“…the lab uses a variety of tools and processes drawn from the rich history of whole system processes and the newly emerging design labs, while adding elements unique to facilitating social innovation. This Social Innovation Lab process facilitates the development of interventions that could allow innovations to have broad impact: It allows for the richness of complex systems to shape decision-making; it includes a suite of tools for exploring and imagining systems as a group; and, it uses techniques for creating and/or identifying pathways for innovations to cross scales.”

Part of the diagram created through the Evaluation H method in Brighton

As the Guide shows there are flexibility and room for experimentation in the way that these labs can be set up. It can also be used in combination with other tools and methods. For example, the STEPS Centre has produced a section of its website dedicated to methods for accessing broad range of sources of knowledge and opening up pathways to sustainability. These have been used in a wide variety of contexts, including multi-criteria mapping, innovation histories, participatory scenarios and more. Partners can experiment with these or other methods in their T-labs, but we are keen that such experimentation is documented by partners (through summaries and/or case studies) and contribute to improving processes and tools over the next three years.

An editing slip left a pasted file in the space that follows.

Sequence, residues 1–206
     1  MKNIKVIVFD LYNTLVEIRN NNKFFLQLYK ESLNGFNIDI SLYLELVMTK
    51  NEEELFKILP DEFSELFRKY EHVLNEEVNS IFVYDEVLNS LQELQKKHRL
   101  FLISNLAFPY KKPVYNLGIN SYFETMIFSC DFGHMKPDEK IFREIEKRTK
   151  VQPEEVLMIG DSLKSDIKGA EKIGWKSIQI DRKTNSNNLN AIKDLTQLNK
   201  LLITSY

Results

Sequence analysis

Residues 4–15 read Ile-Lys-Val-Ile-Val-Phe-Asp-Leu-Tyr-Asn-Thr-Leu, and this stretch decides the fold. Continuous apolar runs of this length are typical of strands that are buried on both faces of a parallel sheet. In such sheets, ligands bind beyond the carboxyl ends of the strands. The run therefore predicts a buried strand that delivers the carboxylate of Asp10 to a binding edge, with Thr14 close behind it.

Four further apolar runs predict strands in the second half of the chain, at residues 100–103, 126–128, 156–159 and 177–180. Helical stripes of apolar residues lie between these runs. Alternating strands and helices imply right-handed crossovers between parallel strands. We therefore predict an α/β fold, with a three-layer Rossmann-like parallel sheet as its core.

In preparation for the inception meeting in Buenos Aires we asked the hubs to think about the following considerations:

  • The title of the T-Lab
  • What is the problem you try to solve and how does it link to the definitions of transformation and social innovation stated earlier?
  • Describe the co-design process and the intended participants. What sectors or groups do they represent and why are they invited?
  • Describe the facilitation of the co-design process. Which method will be used and who will facilitate?
  • What are the potential prototypes and impact of these? Describe how the innovations are meant to fundamentally change human-environmental interactions and contribute to large-scale changes.
  • What would be signs of success? How will you monitor this?

These questions helped to frame the discussion between the hubs about how they would use the lab thinking in their cases. They also revealed how the T-Lab framing and the Lab Guide, and other resources, were being used in the planning phase and setup of the T-Labs.

The project has carried on this discussion beyond the planning phase. Visits between hubs and ‘co-learning’ blogs have encouraged a continuous discussion and sharing of experiences and insights on prepping and initiating change labs throughout the ISSC program.

Different contexts, different approaches

We were aware that change labs have primarily been used in North America and Western Europe (although there are a growing number of exceptions, including RLabs in South Africa). We are keen to experiment with these approaches in the other regions where the network is based, and to learn from the experiences and strategies of co-production traditionally used by our partners.